Tomorrow, May 18th, at 8:32am Pacific Time, marks the 25th anniversary of the "Big Eruption" at Mt. St. Helens, in SW
Following two months of reawakening activity, and a huge bulge that grew at a rate of 9 feet a day on the northeast side, a 5.1 magnitude earthquake shook the mountain, unleashing the largest avalanche in recorded history. While there is no live footage, several still pictures were taken of the landslide sequence, which are amazing. Following the landslide which rose Spirit Lake by some 200 feet, a massive lateral blast shot out of the mountain at a speed near Mach 1 and leveled the forest for miles, destroying some 230 square miles. Countless birds and fish were destroyed, along with 57 people, most of whom were outside the "red-zone", and had no idea the mountain had erupted until they say a towering black cloud coming at them. The famous Harry Truman, who lived at the base of the mountain on the shores of Spirit Lake and refused to leave, is now buried under 200 feet of mud and the new Spirit Lake. They didn't hear the blast up close to the mountain, all they could hear were the falling trees snapping like toothpicks.
The mountain, once 9,677 feet, was reduced to 8,365 feet and left with a horseshoe crater a mile wide. Once the initial lateral blast was over, a vertical column of ash rose to 80,000 feet and circled the earth in 15 days. The eruption lasted 9 hours in all. Since then, there were several more smaller eruptions in the months to follow, and a lava dome began growing shortly thereafter, stopping in 1986. There were swarms of earthquakes in 1998, 2001, and then again last September which brought upon the new lava dome which officially appeared on Oct. 11th, 2004. The first steam eruption in years took place on Friday, Oct. 1st, 2004, and I personally witnessed the Oct. 5th eruption from start to finish...truly amazing...something I'll never forget for the rest of my life.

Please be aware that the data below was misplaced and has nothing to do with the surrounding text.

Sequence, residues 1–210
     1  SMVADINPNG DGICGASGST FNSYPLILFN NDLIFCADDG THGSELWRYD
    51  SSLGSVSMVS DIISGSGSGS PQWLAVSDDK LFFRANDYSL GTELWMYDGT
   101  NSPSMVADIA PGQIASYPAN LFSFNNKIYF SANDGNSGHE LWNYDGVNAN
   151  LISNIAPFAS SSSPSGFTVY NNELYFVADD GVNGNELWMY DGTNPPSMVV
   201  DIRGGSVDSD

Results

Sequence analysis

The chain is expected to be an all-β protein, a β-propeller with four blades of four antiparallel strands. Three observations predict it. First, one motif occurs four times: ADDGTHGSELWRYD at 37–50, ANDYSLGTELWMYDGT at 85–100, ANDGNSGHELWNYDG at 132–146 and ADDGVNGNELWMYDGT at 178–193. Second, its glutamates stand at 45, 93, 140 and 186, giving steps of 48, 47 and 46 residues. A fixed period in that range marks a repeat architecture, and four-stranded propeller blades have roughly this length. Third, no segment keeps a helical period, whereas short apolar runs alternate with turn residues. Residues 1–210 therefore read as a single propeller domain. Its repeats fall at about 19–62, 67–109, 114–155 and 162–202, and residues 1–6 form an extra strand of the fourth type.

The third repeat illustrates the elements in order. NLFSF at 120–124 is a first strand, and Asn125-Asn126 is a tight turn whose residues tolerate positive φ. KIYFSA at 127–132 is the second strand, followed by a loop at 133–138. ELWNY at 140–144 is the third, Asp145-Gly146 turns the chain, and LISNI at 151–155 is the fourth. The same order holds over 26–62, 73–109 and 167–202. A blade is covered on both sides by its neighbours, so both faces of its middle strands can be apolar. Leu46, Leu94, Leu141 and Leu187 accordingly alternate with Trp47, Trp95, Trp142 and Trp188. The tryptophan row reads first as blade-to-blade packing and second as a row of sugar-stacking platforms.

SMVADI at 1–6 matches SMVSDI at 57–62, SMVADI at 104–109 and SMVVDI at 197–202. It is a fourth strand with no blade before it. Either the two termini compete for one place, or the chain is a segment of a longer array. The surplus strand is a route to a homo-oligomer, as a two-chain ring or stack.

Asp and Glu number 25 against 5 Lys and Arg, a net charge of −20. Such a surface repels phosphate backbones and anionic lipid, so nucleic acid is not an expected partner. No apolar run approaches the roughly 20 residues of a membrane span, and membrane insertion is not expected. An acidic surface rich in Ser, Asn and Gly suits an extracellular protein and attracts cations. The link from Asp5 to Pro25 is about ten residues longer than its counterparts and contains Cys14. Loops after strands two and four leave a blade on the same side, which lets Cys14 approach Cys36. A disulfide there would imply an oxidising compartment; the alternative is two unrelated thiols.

I have been fascinated by Mt. St. Helens for 25 years...having visited nearly every year and hiked many of the trails in the vicinity. There is nothing quite like standing in the middle of the pumice plain on the Truman trail #207, looking up at the mountain and imagining what happened that day. There are many other views, such as from Harry's Ridge, 5 miles east of the Johnston Ridge Observatory, allowing a "dead-on" view of the crater. It's an amazing place, and if you're ever in SEA
on a spotting trip, I recommend spending a day at Mt. St. Helens as well. It's exit #49 off of I-5, and from either SEA
, it's about 3 1/2 hours to the Johnston Ridge Observatory, though there are centers closer to the freeway. All in all, allow for a full day...contact me via my profile for more detailed information and advice on what to see, where to go, based on your time constraint. Whether or not you hike the trails, it's worth the visit to the centers to learn more about what happened, and see the rebirth that has taken place in a relatively (geologically speaking) short period of time, in the last 25 years.
Back to the 1980 eruption...who lived in this area before, during, and immediately after? Share your thoughts and stories!
[Edited 2005-05-17 21:40:25]
And the winner for best actress is....REESE WITHERSPOON for 'Walk the Line'!!!!!!!!